Friday, 3 September 2010

Myth busting

All societies, as well as most religious, political and philosophical movements, have their folk devils. For autonomous educators it is those who would allegedly crush their chosen method of childrearing and education by imposing structure and inspection upon their educational provision. Graham Badman and Ed Balls have attained almost mythical status among such enemies of child centred education. So too, although to a vastly lesser and subsidiary degree, have I. As we saw yesterday, some people are absolutely obsessed with minor details of my life, as though if they can only catch me out in some trivial inconsistency, then it will discredit anything I have to say on the topic of home education. This is an indication of my status as minor folk devil! Since many of the comments yesterday were more concerned with me personally, rather than the idea of home education, I thought I should address some of the misconceptions under which these types are labouring.

Now I have no particular objection in the least to being hated and despised by some home educating parents and regarded as a quisling and turncoat. However, when the myths about me become too exaggerated and fantastic, I feel it is time to set the record straight. They also act as a distraction from objective discussion of the ideas underpinning the practice of home education. In short, an obsession with my personality and motives simply gets in the way of debate. Let's look at a few of the things people have said about me lately and see if we can put them to rest once and for all.

1. I make money from home education

I love this one! I was technically a home educator for fifteen years. During that time, I wrote two articles on the subject, for which I was paid £350. This averages out over the fifteen years of home education at a little over £23 a year! But wait, what about your famous book, I hear people cry. Ah yes, the book. This is an academic work. With all the research, revisions, rewriting, first draft, second draft, proof reading, referencing, preparing the index and so on, I would be very surprised if I break even on this. I certainly have not received a penny so far for it and I doubt that it is likely to be a best seller. Nobody writes academic books for money. Of course there are people making money from home education, but I have mentioned them before. I have never heard a word of criticism about anybody else who makes money from home education. For myself, that £350 is all that I have to show financially for my fifteen years of home educating. As far as I can see, it is the only money that I am ever likely to make out of the business.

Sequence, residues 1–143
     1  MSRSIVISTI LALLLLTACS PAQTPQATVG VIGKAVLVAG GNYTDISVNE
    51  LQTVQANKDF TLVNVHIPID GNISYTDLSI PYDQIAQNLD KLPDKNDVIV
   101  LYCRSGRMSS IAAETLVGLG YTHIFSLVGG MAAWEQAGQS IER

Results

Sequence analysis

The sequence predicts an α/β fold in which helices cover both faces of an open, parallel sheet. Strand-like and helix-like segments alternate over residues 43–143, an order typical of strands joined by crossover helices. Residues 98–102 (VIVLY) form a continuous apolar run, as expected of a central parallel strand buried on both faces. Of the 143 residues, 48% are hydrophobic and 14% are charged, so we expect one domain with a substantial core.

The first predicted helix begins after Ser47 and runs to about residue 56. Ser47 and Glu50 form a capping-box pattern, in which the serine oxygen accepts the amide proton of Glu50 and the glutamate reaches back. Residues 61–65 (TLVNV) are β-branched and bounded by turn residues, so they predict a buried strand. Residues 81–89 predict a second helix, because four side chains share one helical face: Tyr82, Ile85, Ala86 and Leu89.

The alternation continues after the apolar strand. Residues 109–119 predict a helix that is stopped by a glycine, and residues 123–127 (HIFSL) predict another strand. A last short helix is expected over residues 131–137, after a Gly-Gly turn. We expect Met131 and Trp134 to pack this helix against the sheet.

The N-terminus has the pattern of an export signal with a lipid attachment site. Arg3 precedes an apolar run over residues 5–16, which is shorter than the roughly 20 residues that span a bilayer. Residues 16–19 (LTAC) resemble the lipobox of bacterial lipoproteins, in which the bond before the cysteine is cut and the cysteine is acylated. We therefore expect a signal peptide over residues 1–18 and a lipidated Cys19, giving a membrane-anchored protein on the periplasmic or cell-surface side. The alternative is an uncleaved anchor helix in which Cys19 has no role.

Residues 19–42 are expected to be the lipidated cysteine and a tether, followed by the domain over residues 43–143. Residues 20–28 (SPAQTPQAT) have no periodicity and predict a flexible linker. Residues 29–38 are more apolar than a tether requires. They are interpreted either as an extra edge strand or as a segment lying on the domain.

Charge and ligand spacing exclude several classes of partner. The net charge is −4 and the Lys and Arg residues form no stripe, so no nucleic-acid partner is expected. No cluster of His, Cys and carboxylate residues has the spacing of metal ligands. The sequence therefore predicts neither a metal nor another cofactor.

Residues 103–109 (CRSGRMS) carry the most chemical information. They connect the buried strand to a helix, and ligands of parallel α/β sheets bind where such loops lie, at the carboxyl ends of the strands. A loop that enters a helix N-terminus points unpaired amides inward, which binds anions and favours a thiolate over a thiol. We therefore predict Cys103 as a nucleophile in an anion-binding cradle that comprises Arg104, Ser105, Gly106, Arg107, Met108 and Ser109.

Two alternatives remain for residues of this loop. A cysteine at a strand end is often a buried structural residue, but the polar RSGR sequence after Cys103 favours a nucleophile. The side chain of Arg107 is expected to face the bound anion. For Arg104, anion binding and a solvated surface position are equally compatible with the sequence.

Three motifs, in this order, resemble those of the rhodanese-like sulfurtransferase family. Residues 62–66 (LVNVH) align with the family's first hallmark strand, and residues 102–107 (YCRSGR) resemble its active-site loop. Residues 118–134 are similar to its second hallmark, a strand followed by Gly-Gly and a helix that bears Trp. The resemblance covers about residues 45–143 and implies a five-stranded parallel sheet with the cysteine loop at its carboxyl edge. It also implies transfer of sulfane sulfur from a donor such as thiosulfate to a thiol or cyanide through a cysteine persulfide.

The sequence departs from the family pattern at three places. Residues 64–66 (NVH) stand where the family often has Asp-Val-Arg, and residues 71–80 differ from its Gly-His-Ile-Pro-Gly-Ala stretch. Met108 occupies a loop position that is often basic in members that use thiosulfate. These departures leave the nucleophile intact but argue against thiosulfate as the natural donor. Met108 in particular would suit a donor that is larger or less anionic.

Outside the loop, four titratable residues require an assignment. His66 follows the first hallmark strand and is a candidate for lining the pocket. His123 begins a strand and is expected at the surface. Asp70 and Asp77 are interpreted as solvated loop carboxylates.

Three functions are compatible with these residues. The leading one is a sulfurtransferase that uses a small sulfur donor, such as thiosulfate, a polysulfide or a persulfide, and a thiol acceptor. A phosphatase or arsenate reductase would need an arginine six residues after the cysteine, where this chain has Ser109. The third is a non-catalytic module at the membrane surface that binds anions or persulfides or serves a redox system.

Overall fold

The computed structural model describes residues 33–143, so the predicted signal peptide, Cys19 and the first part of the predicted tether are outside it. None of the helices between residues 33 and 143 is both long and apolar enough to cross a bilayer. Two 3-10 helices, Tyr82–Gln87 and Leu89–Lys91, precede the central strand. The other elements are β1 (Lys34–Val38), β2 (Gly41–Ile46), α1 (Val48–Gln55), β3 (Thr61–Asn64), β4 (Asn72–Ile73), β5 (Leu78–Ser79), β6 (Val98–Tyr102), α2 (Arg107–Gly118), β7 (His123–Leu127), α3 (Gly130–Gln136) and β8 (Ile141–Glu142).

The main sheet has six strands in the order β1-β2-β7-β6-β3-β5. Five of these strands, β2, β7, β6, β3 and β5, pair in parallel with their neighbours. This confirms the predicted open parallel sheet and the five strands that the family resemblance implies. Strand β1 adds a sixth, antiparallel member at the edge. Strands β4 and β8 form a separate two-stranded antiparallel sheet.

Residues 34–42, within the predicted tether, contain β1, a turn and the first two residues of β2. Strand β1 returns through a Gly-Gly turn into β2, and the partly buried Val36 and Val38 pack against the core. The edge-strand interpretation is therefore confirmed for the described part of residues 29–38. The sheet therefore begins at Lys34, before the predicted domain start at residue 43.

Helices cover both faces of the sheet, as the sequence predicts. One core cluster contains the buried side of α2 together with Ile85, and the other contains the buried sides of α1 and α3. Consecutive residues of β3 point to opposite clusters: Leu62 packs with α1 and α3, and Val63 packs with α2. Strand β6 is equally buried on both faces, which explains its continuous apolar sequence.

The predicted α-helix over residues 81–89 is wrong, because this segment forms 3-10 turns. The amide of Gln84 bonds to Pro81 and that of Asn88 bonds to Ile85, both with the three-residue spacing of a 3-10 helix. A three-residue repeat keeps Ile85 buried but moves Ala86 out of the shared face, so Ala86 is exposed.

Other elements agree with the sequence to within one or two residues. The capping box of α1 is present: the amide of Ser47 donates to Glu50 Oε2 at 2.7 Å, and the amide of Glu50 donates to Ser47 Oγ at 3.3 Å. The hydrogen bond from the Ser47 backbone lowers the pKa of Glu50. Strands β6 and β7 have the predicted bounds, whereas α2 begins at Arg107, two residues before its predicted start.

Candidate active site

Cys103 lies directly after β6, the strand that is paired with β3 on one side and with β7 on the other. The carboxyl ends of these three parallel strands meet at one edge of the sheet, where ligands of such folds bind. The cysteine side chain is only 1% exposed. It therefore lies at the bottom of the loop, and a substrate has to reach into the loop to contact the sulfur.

2. I 'argue with politicians' against freedom to home educate

This particular myth has been around for a while and was succinctly expressed here a couple of days ago. The accusation was that I, ' argue with politicians for measures that will end our choices'. (Comment on my piece On Liberty). Another commentator chipped in and enlarged upon this, 'Going to the select committee (politicians) and arguing for monitoring and testing of HE children'. A third commentator was clear that it was sending a letter to the select committee last year which was really the crux of the matter. I have to say at once that I am a little reluctant to scotch this myth. The idea of my 'arguing with politicians' is a very pleasing one! I have this image of a room full of cabinet ministers cowering as I bring my fist crashing down on the table and thunder at them, ' You will introduce compulsory registration for home educators'. Of course hundreds of people wrote to the select committee and I have never before heard this described as 'arguing with politicians'. I regard this idea as absolutely absurd. Still, what about the things which I actually said when I gave evidence at the select committee? Might I have been 'arguing with politicians for measures which will 'end choice' then? Hardly. I certainly said that I could see no objection to compulsory registration, but then neither could Fiona Nicholson of Education Otherwise, so I was not alone in that. I am, on balance, in favour of monitoring, but what's this about, ' arguing for monitoring and testing of HE children'? Let's look at what I actually said to the select committee about this: